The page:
Note: As the Yankees and Red Sox square off for the first time this endless pandemic summer, I’m reminded of a poem from my 2013 book 20 Poems & Other Translations from the English, which is about my father’s last visit to Virginia. He was afraid to leave his wife, who suffered from Alzheimer’s, for too long, but he spent a week with us and it was wonderful. It was also the last time we watched a Yankees game together until the month he would die, last July. So just a nod to my dad that I’m still watching.
The King of Frederick Street
Almost eighty, my father is surrounded
by my children, their dogs and cats
while wrestling a Solitaire game whose battery
will not seem to die. We set a folding chair
on our elevated patch of lawn
where the maple’s shadow slows and slurs
across his feet, sliding up the grass
to the house like an instant replay
of a baserunner sliding past him safely home.
It takes an hour, but now he rests in the sun.
The King of Frederick Street, we call him,
sitting on a lawn above car level on the high
side of this crooked hill, watching cars
go by, too fast, he notes, for a street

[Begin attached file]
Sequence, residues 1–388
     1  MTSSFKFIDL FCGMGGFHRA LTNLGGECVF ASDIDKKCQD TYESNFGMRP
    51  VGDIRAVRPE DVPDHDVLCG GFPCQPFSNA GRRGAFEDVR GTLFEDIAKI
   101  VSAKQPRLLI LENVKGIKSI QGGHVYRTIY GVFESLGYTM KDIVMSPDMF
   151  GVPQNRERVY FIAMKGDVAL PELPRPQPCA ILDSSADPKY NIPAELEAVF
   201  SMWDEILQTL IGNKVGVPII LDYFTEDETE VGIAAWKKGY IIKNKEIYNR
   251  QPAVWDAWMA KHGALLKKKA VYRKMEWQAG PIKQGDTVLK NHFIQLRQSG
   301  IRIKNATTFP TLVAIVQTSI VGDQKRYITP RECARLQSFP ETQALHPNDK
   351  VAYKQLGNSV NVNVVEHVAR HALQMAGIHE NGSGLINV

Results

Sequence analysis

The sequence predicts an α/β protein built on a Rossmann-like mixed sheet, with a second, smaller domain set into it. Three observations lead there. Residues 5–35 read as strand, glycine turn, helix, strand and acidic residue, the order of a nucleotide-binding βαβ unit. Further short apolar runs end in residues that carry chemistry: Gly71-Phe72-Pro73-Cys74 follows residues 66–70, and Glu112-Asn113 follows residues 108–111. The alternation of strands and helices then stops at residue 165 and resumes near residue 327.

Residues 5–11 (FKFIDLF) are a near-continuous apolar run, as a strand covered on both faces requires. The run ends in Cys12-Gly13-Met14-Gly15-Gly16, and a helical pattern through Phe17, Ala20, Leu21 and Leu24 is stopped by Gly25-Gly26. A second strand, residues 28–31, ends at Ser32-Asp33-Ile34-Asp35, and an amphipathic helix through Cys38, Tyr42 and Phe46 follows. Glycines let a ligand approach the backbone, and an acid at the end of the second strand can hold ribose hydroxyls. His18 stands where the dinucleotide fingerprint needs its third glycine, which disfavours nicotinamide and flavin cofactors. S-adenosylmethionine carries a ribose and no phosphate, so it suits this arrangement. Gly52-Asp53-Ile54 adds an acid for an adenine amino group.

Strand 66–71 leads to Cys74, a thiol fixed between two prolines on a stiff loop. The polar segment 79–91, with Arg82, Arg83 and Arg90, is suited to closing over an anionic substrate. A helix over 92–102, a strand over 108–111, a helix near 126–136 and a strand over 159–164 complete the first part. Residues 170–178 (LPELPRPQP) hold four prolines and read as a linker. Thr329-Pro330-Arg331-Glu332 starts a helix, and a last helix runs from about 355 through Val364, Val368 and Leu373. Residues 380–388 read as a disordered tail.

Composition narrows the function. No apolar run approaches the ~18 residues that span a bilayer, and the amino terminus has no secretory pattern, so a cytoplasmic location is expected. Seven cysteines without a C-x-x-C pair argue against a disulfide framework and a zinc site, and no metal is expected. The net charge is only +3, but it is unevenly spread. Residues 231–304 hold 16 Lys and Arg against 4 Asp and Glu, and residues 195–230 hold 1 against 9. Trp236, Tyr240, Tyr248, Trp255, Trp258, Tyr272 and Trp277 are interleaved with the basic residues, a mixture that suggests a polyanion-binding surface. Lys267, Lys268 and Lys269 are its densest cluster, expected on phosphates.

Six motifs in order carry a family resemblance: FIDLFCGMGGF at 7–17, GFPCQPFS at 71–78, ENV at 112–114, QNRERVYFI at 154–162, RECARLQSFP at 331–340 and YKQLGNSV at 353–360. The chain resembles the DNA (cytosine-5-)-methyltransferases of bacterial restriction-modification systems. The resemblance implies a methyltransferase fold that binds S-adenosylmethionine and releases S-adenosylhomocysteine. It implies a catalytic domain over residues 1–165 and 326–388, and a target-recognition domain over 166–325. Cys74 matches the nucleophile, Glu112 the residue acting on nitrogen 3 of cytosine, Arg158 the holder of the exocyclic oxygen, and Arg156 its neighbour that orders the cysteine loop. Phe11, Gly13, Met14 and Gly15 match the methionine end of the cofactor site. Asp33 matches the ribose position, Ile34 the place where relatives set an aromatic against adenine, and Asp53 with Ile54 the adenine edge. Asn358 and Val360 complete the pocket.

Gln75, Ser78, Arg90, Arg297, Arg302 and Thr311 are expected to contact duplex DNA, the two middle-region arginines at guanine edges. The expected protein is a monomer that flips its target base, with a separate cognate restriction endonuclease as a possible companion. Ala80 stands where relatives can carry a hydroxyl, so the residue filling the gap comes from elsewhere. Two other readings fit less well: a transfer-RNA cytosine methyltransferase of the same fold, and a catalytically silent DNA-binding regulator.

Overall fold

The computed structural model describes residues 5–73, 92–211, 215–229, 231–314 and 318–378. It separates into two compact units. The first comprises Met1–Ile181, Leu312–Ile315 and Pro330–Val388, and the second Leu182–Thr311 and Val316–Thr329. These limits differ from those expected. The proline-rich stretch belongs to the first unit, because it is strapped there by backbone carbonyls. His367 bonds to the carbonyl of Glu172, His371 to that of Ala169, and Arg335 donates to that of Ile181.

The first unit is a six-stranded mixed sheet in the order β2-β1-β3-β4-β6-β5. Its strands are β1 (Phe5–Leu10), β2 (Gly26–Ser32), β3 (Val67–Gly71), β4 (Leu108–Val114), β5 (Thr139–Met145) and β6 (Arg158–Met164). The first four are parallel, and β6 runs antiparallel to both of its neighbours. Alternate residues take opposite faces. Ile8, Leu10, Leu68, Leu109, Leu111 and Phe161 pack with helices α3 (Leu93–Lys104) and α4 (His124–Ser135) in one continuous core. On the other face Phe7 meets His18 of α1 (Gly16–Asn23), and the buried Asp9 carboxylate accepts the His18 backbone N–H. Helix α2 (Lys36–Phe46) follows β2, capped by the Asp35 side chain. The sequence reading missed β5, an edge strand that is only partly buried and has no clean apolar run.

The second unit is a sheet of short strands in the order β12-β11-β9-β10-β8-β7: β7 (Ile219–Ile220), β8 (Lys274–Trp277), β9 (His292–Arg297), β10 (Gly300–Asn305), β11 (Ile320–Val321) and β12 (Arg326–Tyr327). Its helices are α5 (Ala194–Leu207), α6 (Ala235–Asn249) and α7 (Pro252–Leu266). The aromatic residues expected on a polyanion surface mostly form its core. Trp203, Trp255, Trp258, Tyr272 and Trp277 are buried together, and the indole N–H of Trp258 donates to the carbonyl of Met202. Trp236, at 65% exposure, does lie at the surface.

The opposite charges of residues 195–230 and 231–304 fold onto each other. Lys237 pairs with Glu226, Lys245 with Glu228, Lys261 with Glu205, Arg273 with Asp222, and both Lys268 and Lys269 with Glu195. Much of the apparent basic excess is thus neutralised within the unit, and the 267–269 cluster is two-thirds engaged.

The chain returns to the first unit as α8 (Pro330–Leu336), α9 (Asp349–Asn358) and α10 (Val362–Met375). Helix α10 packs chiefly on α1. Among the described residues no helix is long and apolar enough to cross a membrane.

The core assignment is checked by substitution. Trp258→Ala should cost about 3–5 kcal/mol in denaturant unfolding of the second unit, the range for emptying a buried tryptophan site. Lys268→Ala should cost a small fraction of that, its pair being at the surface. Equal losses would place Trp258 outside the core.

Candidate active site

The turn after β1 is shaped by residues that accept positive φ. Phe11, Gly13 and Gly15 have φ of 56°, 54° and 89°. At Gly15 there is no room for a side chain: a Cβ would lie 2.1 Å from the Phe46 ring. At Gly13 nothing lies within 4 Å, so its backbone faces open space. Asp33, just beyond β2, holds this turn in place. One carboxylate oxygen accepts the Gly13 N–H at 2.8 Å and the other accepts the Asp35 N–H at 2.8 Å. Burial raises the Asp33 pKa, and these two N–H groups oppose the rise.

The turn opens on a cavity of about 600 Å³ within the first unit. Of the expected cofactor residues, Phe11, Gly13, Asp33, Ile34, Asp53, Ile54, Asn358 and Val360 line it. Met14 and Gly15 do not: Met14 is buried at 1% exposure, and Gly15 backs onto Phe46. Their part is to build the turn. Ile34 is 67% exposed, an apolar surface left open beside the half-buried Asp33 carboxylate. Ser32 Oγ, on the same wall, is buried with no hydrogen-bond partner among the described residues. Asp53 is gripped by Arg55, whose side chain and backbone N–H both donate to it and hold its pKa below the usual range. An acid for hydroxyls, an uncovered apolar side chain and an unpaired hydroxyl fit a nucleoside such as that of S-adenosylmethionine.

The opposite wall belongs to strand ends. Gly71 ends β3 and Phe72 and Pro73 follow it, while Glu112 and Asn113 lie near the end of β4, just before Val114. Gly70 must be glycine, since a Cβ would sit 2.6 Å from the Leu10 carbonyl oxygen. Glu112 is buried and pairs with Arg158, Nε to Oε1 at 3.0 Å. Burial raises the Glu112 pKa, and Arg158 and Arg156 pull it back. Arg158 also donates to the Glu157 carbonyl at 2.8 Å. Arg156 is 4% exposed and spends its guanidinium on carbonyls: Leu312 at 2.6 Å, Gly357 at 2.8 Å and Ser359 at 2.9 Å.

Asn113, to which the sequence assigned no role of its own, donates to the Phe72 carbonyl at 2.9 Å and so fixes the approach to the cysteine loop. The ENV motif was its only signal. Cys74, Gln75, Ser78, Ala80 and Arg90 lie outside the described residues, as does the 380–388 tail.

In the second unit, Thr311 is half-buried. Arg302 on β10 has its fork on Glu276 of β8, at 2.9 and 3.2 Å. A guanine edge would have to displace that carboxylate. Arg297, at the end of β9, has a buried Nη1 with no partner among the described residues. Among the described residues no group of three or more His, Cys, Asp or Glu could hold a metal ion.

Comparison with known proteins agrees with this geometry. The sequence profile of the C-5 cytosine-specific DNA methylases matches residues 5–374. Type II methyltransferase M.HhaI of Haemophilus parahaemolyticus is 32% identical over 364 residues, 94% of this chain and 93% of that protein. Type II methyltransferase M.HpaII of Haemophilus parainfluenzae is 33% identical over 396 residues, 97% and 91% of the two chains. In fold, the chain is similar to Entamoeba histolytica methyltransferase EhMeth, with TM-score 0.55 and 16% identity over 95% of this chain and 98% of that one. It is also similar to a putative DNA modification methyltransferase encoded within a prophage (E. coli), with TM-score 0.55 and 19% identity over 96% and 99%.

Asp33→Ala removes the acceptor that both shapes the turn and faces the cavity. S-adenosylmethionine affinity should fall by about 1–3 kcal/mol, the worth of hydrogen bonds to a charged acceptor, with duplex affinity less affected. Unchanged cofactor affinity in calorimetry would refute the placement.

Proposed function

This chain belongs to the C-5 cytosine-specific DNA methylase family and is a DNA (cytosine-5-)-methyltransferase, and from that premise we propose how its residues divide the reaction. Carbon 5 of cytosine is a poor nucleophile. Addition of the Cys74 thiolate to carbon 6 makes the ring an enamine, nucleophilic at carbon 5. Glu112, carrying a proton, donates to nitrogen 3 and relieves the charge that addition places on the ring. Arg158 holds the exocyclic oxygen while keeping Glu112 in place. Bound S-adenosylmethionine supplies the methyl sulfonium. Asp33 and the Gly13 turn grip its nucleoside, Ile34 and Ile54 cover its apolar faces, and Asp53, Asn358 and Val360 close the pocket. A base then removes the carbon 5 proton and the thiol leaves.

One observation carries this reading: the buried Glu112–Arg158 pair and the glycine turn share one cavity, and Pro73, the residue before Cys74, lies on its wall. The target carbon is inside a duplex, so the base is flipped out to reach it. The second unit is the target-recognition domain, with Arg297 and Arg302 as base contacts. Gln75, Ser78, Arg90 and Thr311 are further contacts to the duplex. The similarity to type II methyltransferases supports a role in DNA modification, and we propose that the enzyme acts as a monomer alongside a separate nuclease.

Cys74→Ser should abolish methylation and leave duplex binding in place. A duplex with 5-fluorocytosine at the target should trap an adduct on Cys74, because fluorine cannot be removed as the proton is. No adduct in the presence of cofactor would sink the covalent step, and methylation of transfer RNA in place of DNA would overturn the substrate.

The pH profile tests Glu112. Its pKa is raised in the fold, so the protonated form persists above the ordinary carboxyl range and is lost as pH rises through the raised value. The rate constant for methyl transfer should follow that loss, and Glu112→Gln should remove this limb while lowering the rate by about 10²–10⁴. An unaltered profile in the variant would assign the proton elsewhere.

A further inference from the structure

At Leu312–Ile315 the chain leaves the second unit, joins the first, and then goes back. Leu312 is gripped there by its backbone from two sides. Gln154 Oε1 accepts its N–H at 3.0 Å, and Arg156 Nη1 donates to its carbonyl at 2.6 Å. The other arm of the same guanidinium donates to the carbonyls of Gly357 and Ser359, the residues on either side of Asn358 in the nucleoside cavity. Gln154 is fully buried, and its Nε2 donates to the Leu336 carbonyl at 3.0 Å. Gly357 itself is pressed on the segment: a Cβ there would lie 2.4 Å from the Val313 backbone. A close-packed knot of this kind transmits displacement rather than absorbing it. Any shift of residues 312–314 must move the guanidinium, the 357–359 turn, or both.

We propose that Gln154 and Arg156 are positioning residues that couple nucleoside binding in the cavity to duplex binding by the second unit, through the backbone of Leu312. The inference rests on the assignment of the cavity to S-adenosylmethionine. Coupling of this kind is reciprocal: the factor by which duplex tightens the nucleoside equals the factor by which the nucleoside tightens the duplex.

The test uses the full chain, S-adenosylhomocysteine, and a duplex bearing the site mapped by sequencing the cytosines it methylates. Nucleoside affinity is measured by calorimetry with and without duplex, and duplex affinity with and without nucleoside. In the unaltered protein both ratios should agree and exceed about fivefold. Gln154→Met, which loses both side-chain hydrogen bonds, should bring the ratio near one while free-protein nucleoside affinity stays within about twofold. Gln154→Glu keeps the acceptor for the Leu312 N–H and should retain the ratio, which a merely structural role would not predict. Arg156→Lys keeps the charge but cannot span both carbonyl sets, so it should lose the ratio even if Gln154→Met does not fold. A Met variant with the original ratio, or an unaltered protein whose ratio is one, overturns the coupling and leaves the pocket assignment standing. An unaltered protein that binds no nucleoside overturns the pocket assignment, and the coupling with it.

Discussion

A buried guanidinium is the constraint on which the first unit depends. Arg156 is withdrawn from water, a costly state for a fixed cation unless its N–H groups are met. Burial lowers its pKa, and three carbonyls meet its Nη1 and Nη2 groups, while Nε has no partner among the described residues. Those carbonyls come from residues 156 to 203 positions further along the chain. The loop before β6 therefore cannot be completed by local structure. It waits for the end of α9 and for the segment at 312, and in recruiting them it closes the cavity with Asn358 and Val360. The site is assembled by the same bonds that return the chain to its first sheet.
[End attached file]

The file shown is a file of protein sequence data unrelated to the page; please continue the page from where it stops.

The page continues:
with children. Seven hundred
miles to the north his wife does not remember
most of while she’s loved. Still, him she loves
and recognizes four times a week,
musses his hair and strokes his nose and laughs,
and now does not beg to be released.
From love and parenthood there’s no escape,
also no home safe to slide past and drag
a hand across the plate just beneath
Death’s late tag. Though I can see him
try to calculate the odds, the angry focus
like leading off third, game on the line.
Pop–the Yankees are on at eight. He’ll come
Then, pick up that infernal Solitaire game
and we’ll play it side by side on the couch,
stand for the anthem and work the count
as innings race by in slow motion.
I glance across the thirty year gap
And know the years will thin;
Meanwhile, we sit, and compete
at who’s best at being alone.
He wins and wins.